When I first started trying to figure out how to automate database deployments, over 15 years ago, I will freely admit, I was both skeptical and reluctant. I had to be dragged up to the notion that automating getting the database code out the door wasn’t just an excuse by the developers to find a way to bypass the DBA team. As per the traditional, biased, story, our favorite word was “No!”. However, I listened to our development team (however reluctantly), did some experiments, and, sure enough, they were right. I was wrong. I learned from them. A story with a happy ending.
However, that’s not always the case. At the most recent Redgate Summit in February, the following question came in:
“Could you talk a bit about the statement: We should move sql out of stored procedures into the application code to achieve better flow in the devops process. By avoiding a database deployment. This was in a context where it was talked about avoiding too much logic in the database. Since databases are more expensive and harder to scale.”
There’s a lot to unpack here, and most of it is bad information. Understand, ever since my education by a great bunch of developers, I’ve been a huge advocate for DevOps (heck, my job title is DevOps Advocate, so…). I have personal experience with how adopting a DevOps style approach to development and deployment has enormous benefits for an organization. I also have the State of Database DevOps survey results to back me up on that with real world evidence. I can say, unequivocally, a well-implemented DevOps process helps the organization. The trick of course is the “well-implemented” part.
Sometimes though, what we sometimes see is that an organization tries to adopt DevOps for the wrong reasons. In addition to some of the bad information in our question above, let me share a few places where people have attempted to use DevOps as a bludgeon to just get what they want, whether it’s helpful to the organization or not.
SA For Everyone
There are two fundamental aspects of a DevOps-style approach that everyone should embrace. The first is the breakdown of silos, eliminating the walls between teams to enable better communication and collaboration. The second, is, of course, automating your deployments, preferably, all the way into production. Sadly though, I’ve seen on multiple occasions that these two things lead to a bad conclusion: everyone gets administration rights on the production server.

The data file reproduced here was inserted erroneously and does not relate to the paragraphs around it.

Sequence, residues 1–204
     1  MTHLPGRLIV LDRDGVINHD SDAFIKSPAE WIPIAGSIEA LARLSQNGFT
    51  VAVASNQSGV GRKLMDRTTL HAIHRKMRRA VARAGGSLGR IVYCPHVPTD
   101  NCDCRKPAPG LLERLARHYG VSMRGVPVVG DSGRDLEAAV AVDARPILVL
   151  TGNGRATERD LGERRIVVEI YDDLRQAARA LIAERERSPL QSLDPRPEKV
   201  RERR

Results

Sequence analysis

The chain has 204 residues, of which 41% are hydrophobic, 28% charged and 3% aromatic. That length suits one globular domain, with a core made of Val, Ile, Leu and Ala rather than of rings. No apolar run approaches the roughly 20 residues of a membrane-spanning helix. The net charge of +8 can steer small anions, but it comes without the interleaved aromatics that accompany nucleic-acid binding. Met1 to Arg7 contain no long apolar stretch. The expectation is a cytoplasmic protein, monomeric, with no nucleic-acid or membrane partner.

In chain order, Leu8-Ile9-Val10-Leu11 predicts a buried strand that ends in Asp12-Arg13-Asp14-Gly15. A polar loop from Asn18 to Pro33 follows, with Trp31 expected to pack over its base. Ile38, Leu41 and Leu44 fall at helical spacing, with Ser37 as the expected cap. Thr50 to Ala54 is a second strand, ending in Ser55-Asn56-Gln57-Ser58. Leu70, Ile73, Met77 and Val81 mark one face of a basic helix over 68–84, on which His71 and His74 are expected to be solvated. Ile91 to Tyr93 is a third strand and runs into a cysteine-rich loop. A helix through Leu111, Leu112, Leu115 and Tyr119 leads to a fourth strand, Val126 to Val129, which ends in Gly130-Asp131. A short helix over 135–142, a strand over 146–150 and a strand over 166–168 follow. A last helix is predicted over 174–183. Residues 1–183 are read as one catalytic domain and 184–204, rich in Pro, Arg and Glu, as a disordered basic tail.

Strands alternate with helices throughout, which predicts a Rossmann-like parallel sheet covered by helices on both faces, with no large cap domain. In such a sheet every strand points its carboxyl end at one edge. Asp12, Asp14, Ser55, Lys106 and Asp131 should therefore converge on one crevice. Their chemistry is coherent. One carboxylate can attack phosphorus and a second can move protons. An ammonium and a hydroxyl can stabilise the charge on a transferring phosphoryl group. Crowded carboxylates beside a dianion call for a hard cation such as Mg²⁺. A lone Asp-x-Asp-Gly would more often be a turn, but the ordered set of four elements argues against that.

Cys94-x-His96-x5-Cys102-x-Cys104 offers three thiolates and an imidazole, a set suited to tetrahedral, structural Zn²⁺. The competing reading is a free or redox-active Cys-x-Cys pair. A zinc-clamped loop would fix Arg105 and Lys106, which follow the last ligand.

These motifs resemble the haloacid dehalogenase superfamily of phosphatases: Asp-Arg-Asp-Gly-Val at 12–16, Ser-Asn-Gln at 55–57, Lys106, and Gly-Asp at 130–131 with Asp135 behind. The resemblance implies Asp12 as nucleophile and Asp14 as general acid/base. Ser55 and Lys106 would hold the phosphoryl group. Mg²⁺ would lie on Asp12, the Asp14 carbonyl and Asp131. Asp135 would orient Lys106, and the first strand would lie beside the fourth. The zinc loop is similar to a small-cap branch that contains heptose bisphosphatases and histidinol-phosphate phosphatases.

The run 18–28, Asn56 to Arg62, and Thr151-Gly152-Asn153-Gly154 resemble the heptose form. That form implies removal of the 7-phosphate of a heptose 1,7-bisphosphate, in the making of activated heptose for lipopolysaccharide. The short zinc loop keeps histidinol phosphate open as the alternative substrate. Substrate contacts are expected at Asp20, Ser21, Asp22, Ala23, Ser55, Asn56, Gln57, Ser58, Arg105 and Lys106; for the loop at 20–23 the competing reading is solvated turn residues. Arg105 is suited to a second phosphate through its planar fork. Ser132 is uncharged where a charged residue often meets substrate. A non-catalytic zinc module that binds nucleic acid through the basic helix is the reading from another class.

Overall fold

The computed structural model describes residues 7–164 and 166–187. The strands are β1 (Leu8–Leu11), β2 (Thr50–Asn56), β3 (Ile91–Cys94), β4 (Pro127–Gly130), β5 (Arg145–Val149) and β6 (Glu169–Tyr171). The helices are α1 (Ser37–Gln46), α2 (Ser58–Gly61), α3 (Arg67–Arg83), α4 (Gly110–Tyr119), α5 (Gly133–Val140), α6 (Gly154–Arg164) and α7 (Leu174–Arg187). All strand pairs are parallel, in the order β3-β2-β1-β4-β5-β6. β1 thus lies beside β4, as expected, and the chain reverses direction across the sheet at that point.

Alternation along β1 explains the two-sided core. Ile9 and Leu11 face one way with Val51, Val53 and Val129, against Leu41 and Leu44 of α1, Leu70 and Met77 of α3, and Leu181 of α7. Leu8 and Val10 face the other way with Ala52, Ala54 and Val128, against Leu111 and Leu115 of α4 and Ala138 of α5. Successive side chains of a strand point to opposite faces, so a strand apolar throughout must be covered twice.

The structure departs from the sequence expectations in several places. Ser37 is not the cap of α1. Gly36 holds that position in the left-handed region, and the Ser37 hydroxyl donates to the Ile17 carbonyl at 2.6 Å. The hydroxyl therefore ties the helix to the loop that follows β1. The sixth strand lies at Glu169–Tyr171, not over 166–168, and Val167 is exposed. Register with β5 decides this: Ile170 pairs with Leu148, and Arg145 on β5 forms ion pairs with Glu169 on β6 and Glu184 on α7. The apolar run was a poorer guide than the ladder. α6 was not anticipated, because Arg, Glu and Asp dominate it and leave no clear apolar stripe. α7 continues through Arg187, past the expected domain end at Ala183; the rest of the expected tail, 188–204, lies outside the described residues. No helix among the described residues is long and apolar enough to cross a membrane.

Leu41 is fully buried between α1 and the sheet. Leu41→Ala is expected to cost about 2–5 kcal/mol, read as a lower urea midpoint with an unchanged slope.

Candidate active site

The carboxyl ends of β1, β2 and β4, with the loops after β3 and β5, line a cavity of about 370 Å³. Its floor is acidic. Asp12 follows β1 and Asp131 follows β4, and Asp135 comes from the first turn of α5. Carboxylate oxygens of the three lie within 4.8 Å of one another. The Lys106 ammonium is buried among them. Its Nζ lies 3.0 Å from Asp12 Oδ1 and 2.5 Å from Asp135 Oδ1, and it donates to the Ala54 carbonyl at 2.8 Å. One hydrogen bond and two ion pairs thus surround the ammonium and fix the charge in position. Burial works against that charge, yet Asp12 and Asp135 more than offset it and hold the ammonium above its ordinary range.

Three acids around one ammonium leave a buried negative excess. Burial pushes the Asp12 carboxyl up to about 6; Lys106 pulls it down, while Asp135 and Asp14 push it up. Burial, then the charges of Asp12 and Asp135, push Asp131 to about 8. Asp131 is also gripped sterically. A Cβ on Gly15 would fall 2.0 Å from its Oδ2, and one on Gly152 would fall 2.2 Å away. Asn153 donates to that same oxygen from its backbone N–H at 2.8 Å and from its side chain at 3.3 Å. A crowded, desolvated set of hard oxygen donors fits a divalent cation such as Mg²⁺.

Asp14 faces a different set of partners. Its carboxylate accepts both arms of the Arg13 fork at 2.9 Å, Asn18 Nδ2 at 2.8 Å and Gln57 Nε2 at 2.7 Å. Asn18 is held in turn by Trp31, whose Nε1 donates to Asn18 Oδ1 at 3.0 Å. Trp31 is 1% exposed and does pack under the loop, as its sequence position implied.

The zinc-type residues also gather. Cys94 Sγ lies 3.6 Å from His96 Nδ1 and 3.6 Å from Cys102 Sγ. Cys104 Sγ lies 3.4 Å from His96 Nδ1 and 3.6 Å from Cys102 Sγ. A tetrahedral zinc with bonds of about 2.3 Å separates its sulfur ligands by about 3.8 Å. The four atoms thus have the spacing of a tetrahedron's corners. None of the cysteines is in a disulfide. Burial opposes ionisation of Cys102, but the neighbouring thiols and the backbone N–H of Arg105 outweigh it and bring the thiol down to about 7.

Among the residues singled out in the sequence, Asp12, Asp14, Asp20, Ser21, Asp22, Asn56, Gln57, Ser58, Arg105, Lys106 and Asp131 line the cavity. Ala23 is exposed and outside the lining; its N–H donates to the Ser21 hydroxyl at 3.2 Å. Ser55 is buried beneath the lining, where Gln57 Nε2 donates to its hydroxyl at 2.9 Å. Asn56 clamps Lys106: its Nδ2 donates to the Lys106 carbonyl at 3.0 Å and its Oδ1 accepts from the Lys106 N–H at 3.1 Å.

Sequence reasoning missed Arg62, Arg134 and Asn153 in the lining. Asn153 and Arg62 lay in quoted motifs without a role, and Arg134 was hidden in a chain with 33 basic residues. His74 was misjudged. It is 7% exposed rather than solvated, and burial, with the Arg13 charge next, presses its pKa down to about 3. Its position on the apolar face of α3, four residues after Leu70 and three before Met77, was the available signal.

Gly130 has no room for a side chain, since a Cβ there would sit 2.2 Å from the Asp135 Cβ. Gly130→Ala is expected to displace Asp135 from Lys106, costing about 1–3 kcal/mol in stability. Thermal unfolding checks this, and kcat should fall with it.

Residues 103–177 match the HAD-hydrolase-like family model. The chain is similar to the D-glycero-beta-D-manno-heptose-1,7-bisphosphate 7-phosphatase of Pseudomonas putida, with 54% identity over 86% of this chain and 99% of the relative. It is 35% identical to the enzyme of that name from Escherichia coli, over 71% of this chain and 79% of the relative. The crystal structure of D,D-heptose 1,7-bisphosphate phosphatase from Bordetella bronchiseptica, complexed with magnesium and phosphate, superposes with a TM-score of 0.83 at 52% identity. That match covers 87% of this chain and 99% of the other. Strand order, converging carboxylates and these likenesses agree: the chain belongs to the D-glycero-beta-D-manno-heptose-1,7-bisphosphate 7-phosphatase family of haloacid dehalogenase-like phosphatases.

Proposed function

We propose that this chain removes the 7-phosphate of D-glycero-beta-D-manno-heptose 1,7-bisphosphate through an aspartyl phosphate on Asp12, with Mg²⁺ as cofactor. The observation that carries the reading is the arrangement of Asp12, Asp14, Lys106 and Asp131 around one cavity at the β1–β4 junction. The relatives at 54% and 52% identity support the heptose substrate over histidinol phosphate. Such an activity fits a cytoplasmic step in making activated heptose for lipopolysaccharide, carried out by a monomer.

I mean, after all, if I have admin rights, deployments are so much easier, and you want to do DevOps don’t you? We’ll just open everything up to everyone and then we’ll be doing DevOps.
Now this is just wrong. Not to mention that it violates all sorts of laws & regulations from all around the world. No, implementing DevOps doesn’t mean eliminating security. In fact, a good DevOps process should have quite strong security. In fact, a good implementation of DevOps ought to enhance security because you will need fewer personal privileges on the server since the automation takes care of a lot of the necessary changes.
Get Rid of Stored Procedures
I’m a weird DBA (for a lot of reasons and in a lot of ways, but that’s a different discussion). I support the use of Object Relational Mapping (ORM) tools like Entity Framework or nHibernate. This means we should eliminate stored procedures, right? After all, you want to do DevOps and if we get rid of stored procedures, we can just deploy everything through code, it will all be easier, we never have to get any where near the database ever again.